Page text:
Christine Testerman-Bruels, Ph.D.

Christine Testerman-Bruels

Research Scientist
Department of Marine and Environmental Sciences
(954) 262-3657


Area(s) of Research

My research is focused on population structure, conservation genetics and molecular ecology of globally distributed marine predators.  I have also developed and utilized molecular forensic tools to identify the species and geographic origin of samples in trade.  I intend to continue these lines of study in the future and include other topics such as the effect of introduced species on the genetic diversity of both the native and the introduced species, how speciation occurs in the marine realm, and developing and incorporating genomic tools and information into conservation genetics.  Although these topics are complex as a whole, they can easily be broken down into smaller questions appropriate for new graduate students or to help undergraduate students build upon their classroom learning and become familiar with techniques commonly used in molecular biology

Statement of Teaching Philosophy:  "Tell me and I forget, teach me and I may remember, involve me and I learn." - Benjamin Franklin.  In my classes I emphasize building the skills required for critical thinking, application of concepts, and effective written and verbal communication.  In the classroom, I break down complex topics into understandable components and encourage questions and discussion rather than just passive absorption of facts.  In the laboratory setting, I help students learn how to apply techniques and to determine possible experimental routes to answer scientific questions.  I expect that students come prepared for class and to participate in classroom, laboratory and online discussions.  I encourage students to use teamwork to foster their learning experiences in the belief that learning depends upon intellectual exchange.  I approach student assessment with a variety of tools intended to allow them to demonstrate improved mastery of the subject, critical thinking, and ability to apply knowledge to new areas.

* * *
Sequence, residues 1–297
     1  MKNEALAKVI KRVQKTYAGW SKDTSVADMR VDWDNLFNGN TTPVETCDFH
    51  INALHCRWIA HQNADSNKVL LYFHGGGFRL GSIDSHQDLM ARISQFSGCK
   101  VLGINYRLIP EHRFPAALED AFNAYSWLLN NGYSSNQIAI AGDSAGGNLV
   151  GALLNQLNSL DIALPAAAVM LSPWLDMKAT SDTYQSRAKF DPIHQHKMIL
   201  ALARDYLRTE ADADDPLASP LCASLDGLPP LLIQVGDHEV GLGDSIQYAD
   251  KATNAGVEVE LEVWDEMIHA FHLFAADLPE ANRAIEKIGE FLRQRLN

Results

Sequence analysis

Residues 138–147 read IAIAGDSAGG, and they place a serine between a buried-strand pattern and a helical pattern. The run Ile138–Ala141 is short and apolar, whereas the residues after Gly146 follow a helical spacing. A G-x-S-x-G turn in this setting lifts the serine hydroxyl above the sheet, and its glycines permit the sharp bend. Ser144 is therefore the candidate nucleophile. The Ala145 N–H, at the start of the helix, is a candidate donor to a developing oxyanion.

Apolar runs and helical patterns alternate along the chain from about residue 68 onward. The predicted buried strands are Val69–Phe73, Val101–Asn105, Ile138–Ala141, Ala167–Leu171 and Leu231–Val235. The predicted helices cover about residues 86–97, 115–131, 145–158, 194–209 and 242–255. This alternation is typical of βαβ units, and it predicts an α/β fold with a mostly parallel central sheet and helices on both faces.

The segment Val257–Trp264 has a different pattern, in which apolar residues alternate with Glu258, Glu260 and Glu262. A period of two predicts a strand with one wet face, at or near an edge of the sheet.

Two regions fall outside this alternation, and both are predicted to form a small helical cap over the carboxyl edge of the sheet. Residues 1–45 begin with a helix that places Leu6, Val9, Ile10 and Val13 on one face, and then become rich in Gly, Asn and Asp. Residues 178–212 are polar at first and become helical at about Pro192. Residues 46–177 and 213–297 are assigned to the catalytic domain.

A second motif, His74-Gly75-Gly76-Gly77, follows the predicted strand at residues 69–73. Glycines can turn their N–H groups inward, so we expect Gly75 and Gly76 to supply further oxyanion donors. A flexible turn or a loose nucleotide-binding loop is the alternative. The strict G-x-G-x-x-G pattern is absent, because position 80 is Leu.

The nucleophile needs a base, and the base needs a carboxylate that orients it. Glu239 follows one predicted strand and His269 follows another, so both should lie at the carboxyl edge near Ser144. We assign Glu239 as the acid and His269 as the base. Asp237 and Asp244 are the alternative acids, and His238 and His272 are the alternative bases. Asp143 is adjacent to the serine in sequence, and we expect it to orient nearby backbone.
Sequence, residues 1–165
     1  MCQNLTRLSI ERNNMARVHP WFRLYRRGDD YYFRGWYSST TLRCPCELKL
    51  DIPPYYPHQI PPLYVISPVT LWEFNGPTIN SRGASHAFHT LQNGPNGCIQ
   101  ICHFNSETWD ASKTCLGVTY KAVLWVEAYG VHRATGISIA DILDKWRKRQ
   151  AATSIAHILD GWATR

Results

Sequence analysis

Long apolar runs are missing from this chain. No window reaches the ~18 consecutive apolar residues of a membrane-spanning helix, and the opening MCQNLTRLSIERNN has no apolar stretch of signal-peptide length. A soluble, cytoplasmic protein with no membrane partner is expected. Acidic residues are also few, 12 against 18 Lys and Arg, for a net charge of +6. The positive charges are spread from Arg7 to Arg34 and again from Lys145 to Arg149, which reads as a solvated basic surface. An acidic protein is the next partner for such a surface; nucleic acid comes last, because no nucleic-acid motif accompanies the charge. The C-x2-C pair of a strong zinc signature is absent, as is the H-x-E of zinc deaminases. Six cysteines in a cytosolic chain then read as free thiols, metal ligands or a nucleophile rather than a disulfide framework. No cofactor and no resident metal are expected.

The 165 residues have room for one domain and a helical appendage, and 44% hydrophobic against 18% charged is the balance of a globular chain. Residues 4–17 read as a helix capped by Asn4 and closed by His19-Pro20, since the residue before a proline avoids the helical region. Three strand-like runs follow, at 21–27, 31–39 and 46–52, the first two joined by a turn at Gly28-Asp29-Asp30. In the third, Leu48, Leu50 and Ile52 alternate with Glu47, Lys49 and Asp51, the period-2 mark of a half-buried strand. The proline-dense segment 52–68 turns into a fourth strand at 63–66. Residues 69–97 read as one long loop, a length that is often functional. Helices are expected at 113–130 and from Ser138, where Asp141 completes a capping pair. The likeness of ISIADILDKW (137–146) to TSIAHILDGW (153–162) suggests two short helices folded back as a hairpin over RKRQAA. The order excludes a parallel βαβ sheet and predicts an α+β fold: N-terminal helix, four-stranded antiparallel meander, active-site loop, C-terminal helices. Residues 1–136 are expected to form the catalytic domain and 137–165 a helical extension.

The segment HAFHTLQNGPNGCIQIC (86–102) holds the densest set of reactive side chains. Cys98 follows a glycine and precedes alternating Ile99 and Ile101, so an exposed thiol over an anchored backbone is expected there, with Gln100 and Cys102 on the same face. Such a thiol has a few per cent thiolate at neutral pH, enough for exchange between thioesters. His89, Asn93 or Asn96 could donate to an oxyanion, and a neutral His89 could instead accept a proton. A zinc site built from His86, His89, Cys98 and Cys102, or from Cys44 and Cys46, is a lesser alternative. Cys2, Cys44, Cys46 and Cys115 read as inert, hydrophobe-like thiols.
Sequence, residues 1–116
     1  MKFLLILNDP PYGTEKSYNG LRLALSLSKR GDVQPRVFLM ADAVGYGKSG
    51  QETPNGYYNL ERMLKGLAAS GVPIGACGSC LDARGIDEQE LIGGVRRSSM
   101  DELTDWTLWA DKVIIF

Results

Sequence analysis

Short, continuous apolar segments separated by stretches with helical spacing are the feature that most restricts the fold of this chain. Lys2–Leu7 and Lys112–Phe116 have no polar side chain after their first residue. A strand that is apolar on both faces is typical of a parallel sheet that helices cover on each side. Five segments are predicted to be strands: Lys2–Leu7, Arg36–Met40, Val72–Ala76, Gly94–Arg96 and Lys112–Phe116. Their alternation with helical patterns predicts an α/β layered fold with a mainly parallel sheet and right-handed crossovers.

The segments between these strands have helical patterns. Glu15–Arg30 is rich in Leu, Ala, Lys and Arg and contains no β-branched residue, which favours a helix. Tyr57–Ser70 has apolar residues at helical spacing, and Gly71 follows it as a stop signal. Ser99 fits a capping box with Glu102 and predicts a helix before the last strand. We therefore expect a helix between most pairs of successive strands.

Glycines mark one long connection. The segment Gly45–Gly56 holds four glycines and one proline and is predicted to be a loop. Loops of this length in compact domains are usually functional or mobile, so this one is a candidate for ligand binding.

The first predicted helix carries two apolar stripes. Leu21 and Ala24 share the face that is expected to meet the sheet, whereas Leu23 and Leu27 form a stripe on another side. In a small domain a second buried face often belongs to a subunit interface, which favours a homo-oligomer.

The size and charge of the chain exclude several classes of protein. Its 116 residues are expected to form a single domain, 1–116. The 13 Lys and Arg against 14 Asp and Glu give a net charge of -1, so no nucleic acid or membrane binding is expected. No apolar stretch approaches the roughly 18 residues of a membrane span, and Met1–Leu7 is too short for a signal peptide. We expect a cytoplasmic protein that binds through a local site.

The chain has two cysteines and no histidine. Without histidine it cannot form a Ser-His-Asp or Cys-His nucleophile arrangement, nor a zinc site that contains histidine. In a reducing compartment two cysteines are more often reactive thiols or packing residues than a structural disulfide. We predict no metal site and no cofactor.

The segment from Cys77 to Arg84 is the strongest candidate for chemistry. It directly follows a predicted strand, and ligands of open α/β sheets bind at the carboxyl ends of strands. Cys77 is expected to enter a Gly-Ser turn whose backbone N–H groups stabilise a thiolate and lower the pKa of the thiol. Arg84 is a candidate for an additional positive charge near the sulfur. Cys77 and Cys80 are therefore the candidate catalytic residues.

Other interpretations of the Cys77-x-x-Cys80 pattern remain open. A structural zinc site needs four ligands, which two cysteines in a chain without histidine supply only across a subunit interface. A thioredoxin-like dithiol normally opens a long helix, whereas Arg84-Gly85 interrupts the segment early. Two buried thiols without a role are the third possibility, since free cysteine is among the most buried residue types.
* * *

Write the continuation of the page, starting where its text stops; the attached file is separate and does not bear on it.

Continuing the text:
C. Jacks, C. Powaser, and P. Hackett.  1988. Sequence analysis of a processed gene coding for mouse ribosomal protein L32.  Gene 74 (2): 565-570.

C. Testerman and M. Shivji.  2013.  Comparative Patterns of Global Population Genetic Structure in Four Fisheries Exploited Sharks of Conservation Concern.  Accepted for oral presentation at 2013 Annual Meeting of the American Elasmobranch Society (AES).

C. Testerman, S. Fitzpatrick, P. Prodöhl, C. Simpfendorfer, and M. Shivji.  2012.  Global Phylogeography and Mating System Analysis of the Great Hammerhead Shark (Sphyrna mokarran).  Oral presentation at 2012 Annual AES Meeting.

C. Testerman, J. Brunschweiler, S. Gulak, J. Werry, R. Jabado, C. Jones, and M. Shivji.  2012.  Global Population Genetic Structure and Parentage Analysis of the Bull Shark (Carcharhinus leucas).  Poster presentation at 2012 Annual AES Meeting.

C. Testerman, S. Wintner, R. McAuley, D. Cartamil, and M. Shivji.  2012.  Global Population Structure and Demographic History of the Smooth Hammerhead Shark (Sphyrna zygaena).  Poster presentation at 2012 Annual AES Meeting.

C. Testerman, S. Fitzpatrick, P Prodhöl, D. Chapman, C. Simpfendorfer, and M. Shivji. 2010. Population Structure and Parentage Analysis of the Great Hammerhead Shark (Sphyrna mokarran).  Oral presentation at 2010 Sharks International meeting.

C. Testerman, D. Chapman, M. Shivji.  2009. Population Genetic Structure of the Night Shark (Carcharhinus signatus) in the Western Atlantic Assessed Using Nuclear Microsatellite Markers and Mitochondrial Control Region Sequences.  Oral presentation at 2009 Annual Meeting of the American Elasmobranch Society (AES).

C. Testerman, P. Prodohl, M. Shivji.  2008. Global Phylogeography of the Great (Sphyrna mokarran) and Smooth (Sphyrna zygaena) Hammerhead Sharks.  Oral presentation at 2008 Annual AES Meeting.

C. Testerman, V. Richards, M. Francis, N. Pade, C. Jones, L. Noble, and M. Shivji.  2007.  Global Phylogeography of the Porbeagle Shark (Lamna nasus) Reveals Strong Genetic Separation of the Northern and Southern Hemisphere Populations.  Oral presentation at 2007 Annual AES Meeting.